it would also include an app store called the "Chrome Web Store" which would help users discover, purchase and install Web applications from a central location.At this year's Google I/O developer conference, the Internet search giant made a surprising announcement: not only was the company releasing a Web-connected "cloud" operating system called "Chrome OS,"
However, you don't have to wait until Chrome OS debuts to install Chrome Web apps - you can test a few of them now by using a Chrome developer build or Chromium, the open-source browser behind Google Chrome.
There are three official Google Web apps already available for testing - Gmail, Calendar and Google Docs. Plus, there are a handful of third-party apps available now, including music apps, Twitter apps, Facebook, games and more. A few of the popular ones are conveniently listed here, for example.
Before you get started, you'll need to install a developer build of Google Chrome or its open-source counterpart, Chromium. I prefer using Chromium for this sort of project because it allows me to play around while still keeping my default Chrome install a separate, stable version.
Step 1: Grab a Developer Build or Chromium Build
To use a developer build of Google Chrome, go to this page and scroll down to the section called "Subscribing to a channel." From here, pick the "Dev Channel" for your current OS: Windows, Mac or Linux. Just click the appropriate link to run the installer and launch the browser.
If you would prefer to use Chromium, you'll need to head over to this site instead: build.chromium.org/buildbot/snapshots. On this page, you'll find folders instead of direct links, each labeled by OS. Click the link for your OS (Linux, Linux-64, Mac or XP -that's for all Windows users, by the way). Within each folder, you'll notice a list of build numbers accompanied by a "last modified" date. To get the most recent one, scroll to the bottom of the page and click through to the files listed. Here, grab the installer for your OS; for example, Windows users would download "mini_installer.exe". Run the installer and launch the browser.
Step 2: Edit the Shortcut
Next, you'll need to edit the desktop shortcut for the newly installed browser in order to add the command line flag that enables Web apps. In Windows, right-click on the desktop shortcut, click "Properties," then place your cursor at the end of the line in the "Target" field. Add a space then type --enable-apps in this field. Click the "OK" button and restart the browser.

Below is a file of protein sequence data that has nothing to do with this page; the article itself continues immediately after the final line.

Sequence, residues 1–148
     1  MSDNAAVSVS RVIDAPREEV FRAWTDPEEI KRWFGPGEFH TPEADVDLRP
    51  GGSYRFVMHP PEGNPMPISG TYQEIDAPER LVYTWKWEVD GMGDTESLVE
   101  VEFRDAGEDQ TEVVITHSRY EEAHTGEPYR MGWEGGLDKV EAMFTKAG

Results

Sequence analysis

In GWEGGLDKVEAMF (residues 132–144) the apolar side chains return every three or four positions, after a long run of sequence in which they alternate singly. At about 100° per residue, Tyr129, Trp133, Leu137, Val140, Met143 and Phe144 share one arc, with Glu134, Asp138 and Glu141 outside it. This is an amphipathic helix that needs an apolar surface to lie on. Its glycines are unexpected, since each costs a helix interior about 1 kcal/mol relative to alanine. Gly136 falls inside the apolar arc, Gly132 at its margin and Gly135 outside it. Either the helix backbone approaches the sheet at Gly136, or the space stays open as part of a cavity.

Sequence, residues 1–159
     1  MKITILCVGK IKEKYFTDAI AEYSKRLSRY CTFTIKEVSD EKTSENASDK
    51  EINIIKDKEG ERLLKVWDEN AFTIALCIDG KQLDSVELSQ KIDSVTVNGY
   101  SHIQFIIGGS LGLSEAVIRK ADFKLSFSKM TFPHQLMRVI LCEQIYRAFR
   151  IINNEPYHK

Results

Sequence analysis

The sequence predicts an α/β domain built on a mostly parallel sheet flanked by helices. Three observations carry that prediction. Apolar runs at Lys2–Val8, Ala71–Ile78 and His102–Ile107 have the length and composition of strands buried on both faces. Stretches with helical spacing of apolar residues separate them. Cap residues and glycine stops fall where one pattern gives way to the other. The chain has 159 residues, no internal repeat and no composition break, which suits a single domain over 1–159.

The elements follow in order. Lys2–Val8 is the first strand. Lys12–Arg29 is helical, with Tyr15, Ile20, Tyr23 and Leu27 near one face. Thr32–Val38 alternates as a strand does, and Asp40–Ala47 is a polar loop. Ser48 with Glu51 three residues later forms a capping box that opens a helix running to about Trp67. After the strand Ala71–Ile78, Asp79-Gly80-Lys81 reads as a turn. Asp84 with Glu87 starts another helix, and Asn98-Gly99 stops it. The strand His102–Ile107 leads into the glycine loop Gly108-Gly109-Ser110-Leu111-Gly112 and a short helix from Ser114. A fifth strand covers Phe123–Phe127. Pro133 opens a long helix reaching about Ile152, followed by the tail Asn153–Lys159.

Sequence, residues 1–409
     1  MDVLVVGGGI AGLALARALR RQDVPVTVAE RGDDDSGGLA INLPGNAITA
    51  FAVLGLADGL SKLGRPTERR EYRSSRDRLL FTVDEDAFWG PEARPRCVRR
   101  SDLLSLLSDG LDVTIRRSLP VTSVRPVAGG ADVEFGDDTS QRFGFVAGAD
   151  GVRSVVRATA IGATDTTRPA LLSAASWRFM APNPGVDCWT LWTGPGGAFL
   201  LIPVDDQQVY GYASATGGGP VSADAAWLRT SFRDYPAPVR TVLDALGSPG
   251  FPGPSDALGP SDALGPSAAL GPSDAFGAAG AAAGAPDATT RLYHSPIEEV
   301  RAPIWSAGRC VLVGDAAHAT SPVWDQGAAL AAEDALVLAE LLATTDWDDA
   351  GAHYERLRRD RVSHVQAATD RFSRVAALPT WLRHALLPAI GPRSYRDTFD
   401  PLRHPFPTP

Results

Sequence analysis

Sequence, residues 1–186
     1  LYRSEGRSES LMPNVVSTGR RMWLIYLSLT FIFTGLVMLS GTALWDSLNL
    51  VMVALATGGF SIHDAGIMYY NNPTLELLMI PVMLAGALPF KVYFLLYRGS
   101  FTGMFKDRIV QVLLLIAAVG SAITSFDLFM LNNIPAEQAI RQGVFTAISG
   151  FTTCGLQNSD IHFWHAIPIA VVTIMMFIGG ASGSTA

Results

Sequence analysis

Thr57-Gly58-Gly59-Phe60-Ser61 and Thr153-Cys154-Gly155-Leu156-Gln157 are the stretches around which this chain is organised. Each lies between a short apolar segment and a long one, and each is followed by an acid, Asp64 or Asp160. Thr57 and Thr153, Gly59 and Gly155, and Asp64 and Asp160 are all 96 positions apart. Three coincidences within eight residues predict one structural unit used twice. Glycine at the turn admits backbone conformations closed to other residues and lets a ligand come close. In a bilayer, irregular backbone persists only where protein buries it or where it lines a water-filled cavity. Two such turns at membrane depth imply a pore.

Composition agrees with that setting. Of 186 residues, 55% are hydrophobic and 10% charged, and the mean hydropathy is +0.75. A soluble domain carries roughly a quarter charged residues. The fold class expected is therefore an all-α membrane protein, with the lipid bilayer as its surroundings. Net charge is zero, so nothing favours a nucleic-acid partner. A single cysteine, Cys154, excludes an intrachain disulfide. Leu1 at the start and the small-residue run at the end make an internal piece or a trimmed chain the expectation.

In Mac, it's $ open /Applications/Google\ Chrome.app --args -enable-apps.
Note: for more help with startup switches, check out LifeHacker's guide.
Step 3: Install the Extensions
Now, in Chrome/Chromium go to chrome://extensions, click "Developer Mode" then click "Load Unpacked Extension."
In the window that appears, you'll need to browse to Chrome's resources folder. (In Windows, you'll find it at:
- For current versions of Windows (Vista/7): %userprofile%\AppData\Local\Google\Chrome\Application\[Version]\resources
- For Windows XP users: %userprofile%\Local Settings\Application Data\Google\Chrome\Application\[Version]\resources
Once you've navigated to the appropriate folder, you'll notice there are three subfolders: gmail_app, calendar_app and docs_app. Click the folder for the app you want to install and it will now appear in the extensions list in Chrome/Chromium.
Step 4: Load the Web Apps!
OK, here comes the fun part: loading the Web apps themselves. Click the "New Tab" button in Chrome/Chromium like you were about to launch a new Web page and you'll now see the available Web apps listed. Click the app's icon to load it into the browser.
Once the app is installed, it appears with a large icon that hovers a bit above the tab.
To load other Web apps, like those featured here, you have to first download the .crx file to your computer then open it using Chrome/Chromium.